We were glad to see that the Little Falls City Council decided to deny a request from Council candidate Robin Hensel to pass a resolution endorsing a shift of federal spending priorities from defense to other programs.
The issue of how much the federal government should spend on defense is ongoing and important. The Congress needs to address it. Lobbyists need to take sides. Tough decisions need to be made. The resolution will have national consequences. Every citizen has a right to weigh in on the topic with their congressperson and senators.
From time to time, city councils and county boards across the nation jump into these national debates. This is often because the city councilors or commissioners are wanna-be members of Congress. However, taxpayers are best served when local units of government stick to the issues right in front of them.
Certainly, the Little Falls City Council has greater priorities. It is not inevitable that taxes have to rise sharply because of a decline in state aid. During a recession, tax hikes should be particularly discouraged.
And yet, because of the actions of past city councils, the current Little Falls City Council finds itself in position of having to reduce a high debt load. About half of every tax dollar collected by the city is being used to service debt.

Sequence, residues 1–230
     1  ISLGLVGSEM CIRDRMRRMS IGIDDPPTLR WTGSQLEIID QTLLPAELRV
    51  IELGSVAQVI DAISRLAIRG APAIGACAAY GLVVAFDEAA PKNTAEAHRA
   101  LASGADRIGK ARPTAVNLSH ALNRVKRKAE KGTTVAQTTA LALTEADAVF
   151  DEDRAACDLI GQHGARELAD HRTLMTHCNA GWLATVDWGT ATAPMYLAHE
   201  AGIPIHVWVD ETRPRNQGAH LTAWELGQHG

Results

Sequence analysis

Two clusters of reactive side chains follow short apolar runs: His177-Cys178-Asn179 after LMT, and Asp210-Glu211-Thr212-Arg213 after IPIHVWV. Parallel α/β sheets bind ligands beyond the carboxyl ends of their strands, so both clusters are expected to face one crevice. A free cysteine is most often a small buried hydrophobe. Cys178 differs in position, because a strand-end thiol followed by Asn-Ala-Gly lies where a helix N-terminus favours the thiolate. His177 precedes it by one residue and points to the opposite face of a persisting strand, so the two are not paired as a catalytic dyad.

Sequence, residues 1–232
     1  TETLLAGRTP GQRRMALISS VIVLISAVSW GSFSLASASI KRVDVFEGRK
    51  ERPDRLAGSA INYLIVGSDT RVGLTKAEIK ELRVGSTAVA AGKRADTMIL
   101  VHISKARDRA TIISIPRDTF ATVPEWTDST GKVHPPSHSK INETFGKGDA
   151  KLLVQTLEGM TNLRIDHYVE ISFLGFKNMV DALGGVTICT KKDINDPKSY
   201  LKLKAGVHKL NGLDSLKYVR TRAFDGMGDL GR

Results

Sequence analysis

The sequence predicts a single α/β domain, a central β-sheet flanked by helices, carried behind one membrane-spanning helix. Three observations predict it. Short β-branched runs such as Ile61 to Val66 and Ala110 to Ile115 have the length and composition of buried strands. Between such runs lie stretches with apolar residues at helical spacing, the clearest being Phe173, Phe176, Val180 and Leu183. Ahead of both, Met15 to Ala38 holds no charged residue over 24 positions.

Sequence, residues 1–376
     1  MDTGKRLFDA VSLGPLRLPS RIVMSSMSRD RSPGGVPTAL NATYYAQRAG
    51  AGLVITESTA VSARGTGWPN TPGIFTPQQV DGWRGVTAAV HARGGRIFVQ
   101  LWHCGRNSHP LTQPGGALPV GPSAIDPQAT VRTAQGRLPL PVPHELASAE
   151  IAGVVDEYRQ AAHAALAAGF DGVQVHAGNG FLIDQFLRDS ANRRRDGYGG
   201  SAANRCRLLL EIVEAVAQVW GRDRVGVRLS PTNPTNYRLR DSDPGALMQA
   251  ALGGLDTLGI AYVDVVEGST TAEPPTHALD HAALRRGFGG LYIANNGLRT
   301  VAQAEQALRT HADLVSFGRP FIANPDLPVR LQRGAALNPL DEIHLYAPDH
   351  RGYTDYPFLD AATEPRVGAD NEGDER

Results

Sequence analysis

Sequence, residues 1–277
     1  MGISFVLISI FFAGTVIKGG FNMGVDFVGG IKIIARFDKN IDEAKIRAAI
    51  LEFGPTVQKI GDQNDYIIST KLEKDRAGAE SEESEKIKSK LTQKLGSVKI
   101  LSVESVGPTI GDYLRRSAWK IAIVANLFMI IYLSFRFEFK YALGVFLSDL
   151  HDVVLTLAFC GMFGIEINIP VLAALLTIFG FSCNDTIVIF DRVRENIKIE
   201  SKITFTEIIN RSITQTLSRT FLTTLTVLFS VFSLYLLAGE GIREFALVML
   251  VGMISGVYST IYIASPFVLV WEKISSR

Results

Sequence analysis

Last year, the city increased its levy 6.88 percent. Then, on the same night when it rejected the defense spending resolution, the Council set a 2013 preliminary levy with a 7.89 percent increase. Ouch.
The Council needs to fund its police and fire departments. It needs to figure out how to keep its streets paved and plowed. It needs to maintain its parks. Balanced against the ability of taxpayers to pay, its efforts need to be focused on the city limits, not on making a symbolic gesture that the Washington, D.C., decision-makers will ignore anyhow.
Some of the city’s other activities, like Pine Grove Zoo, the country club, the airport and Linden Hill are holding their own, but nevertheless need the Council’s attention to make sure they do not become a drain on tax dollars.
All of this takes time. Not everyone who runs for election to a local city council or county, school or township board can afford to work at the job full-time, nor should we expect them to. However, what effort they do put in should be focused on issues they can control.